defines the sprint duration, runs the daily meetings, helps
team productivity and other activities in Scrum process. The
Scrum team is usually a cross-functional, self-organizing
team that consists of five to ten people who work full time
on the project. The team members are responsible for
building and testing system quality.

b. Scrum Artifacts
The primary artifact of a Scrum project is the
system itself, although the main artifacts are: User stories,
Product Backlog, Sprint Backlog, and Burndown chart.
User story is the basic unit of requirements specifications,
and typically consists of a title and a brief, usually
narrative, description of the desired functionality. Features
and user stories express functional requirements. The
product backlog consists of features, bug fixes,
nonfunctional requirements, and other that needs to be done
in order to successfully deliver a system. The sprint backlog
is the set of stories planned for implementation in an
iteration (called Sprint) that usually lasts two or four weeks.
There is only one backlog for the team. At the start of the
sprint, the team breaks down each story into a set of tasks,
VOL. 3, NO.11 Nov, 2012 ISSN 2079-8407
Journal of Emerging Trends in Computing and Information Sciences
©2009-2012 CIS J ournal. All rights reserved.

http://www.cisjournal.org

1448
and when a task is finished it is registered on a burndown
chart.

c. Scrum Process
Major activities in the Scrum process are: the
sprint planning meeting, the kickoff, the sprint, the daily
Scrum, and the sprint review meeting. The sprint starts with
a sprint planning meeting where the targeted functionality is
broken down and estimated. In the first part of Scrum
meeting, the team defines the product backlog, which is
basically a list of the project requirements, and than
determines the sprint goal, which is the formal outcome
from particular sprint. In the second part of the meeting, the
focus is on creating the sprint backlog. On the kickoff
meeting the team define the high-level backlog and the
major project goals. Every day the Scrum team meets in a
daily short stand-up Scrum meeting where they share what
they did, plan to do or are doing, and if there are some
problems or have new idea to share with others. The sprint
review meeting is more informal and is held at the end of
each sprint where developed functionalities are presented to
the product owner.

4. ANALYSIS AND RESULTS OF
MANAGING MDM PROJECT USING
SCRUM
Realization of MDM projects differs from the most
development projects because there is no clear problem
visibility with master data from the business side and
therefore, there is no clearly defined need for an MDM
system. In most cases, there is awareness of the problems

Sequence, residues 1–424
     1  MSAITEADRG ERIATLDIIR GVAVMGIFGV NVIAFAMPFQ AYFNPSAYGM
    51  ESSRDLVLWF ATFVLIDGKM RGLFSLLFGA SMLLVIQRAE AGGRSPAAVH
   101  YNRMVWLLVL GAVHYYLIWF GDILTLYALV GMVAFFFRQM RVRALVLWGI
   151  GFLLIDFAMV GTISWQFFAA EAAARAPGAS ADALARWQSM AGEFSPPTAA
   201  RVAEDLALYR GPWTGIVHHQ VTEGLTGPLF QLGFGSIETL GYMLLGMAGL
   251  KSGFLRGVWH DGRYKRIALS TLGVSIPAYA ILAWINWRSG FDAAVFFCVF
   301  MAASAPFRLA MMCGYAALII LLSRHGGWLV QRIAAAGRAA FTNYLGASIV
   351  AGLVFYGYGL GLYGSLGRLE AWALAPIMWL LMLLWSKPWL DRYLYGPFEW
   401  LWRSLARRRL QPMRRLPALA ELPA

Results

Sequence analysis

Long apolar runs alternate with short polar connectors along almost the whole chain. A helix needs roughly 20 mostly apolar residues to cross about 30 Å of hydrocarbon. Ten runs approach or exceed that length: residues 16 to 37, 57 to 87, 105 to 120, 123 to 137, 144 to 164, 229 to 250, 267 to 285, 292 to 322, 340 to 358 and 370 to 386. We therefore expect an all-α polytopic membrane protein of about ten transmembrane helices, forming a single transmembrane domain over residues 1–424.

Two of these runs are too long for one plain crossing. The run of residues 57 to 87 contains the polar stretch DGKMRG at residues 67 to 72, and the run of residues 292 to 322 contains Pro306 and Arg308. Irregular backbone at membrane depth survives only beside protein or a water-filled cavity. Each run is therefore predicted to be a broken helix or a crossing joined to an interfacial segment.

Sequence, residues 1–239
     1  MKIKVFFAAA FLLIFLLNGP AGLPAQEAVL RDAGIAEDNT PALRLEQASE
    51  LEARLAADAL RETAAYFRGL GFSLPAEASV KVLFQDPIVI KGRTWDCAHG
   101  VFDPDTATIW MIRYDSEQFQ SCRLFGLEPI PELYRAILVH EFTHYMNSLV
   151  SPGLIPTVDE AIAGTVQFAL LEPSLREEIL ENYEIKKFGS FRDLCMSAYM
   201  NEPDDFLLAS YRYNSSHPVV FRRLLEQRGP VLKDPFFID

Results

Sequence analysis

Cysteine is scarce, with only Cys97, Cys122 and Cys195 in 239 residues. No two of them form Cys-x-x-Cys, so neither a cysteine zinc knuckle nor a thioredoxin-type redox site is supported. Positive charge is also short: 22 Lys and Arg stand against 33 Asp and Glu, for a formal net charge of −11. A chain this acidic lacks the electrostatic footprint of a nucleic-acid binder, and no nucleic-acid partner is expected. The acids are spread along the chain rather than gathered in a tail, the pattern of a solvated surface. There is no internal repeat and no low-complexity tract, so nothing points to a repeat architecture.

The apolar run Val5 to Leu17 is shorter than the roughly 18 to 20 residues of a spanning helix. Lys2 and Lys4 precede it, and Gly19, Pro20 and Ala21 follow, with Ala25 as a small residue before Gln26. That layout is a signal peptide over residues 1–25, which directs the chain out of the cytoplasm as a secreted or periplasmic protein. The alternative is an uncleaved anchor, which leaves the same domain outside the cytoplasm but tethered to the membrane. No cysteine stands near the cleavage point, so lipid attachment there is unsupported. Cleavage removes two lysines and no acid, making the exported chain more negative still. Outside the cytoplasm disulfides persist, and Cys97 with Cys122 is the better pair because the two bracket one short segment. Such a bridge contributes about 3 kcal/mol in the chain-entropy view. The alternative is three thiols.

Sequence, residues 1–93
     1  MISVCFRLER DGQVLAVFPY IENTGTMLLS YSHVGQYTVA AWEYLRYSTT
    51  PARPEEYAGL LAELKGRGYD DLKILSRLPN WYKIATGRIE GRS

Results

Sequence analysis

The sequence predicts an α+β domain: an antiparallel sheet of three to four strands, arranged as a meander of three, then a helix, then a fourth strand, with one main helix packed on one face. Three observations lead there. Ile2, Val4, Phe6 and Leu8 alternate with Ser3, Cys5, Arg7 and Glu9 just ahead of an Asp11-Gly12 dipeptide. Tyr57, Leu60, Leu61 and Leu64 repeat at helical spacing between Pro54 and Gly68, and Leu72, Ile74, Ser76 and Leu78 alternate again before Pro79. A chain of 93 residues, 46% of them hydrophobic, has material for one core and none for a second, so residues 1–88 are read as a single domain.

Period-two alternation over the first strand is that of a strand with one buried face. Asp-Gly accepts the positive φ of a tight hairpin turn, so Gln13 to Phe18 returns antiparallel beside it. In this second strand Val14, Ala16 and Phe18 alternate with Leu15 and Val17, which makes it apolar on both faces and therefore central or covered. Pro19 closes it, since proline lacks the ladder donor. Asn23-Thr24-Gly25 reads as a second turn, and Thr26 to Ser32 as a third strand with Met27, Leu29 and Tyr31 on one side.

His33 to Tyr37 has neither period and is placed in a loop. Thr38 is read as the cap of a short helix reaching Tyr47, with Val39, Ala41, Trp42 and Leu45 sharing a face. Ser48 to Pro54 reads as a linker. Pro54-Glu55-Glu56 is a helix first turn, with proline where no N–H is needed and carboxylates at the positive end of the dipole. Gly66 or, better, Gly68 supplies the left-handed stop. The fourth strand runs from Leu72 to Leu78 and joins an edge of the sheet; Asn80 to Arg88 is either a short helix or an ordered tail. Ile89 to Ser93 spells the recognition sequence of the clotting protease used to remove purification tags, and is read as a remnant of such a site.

from IT department but there is not enough knowledge and
experience. On the other hand, even if the knowledge
exists, the IT team does not have enough strength to
persuade top managers, to invest in such project, and
influence on human resources to participate in the
development and implementation of the MDM system.
Since the problems with master data will not disappear by
themselves, but will deepen, at the start, the IT should
engage itself in finding a sponsor of the MDM project. In
general, applying Scrum practice within MDM project has
three groups of phases: planning and MDM architecture
design, development, and closure phase [13]. Each one has
a broad set of activities that should be done, and after each
we suggest appropriate rules to be followed in order to
successful MDM implementation.

4.1 Scrum Driven MDM Development Process
Guidelines with specific rules for successful
managing MDM projects using Scrum are:

a. MDM Project Sponsorship
As discussed in the problem analysis, it is very
hard to convince the top management to approve changes in
the existing enterprise systems in order to implement an
MDM system. It is more difficult to obtain permissions to
plan and execute organizational changes which the MDM
solution implementation requires. MDM systems do not
have some obvious, exceptional manifestation which can be
stated as a reason and justification for MDM system
implementation. It is very difficult to give real reasons
based on which some manager will decide to be a sponsor
of an MDM project and take over the responsibility to
convince the other top managers. The first thing that a
sponsor of an MDM project should do is to secure the
support of the top management for development of the
MDM project, therefore the first rule can be stated as
below.

Rule 1: Find a MDM project sponsor among top
management to ensure that all necessary changes are
implemented and supported at any management level.

b. Scrum Team Formation
According with Scrum practice [8], IT manager
should appoint a Product Owner and a Scrum Master. The
Product Owner should be familiar with enterprise master
data, understands MDM problems, know available MDM
implementation techniques, technologies and tools. The role
of the Product Owner is to define MDM requirements, to
select solution, technology and tools, and together with
project sponsor to define adequate MDM implementation
technique. According to that, the Product Owner and Scrum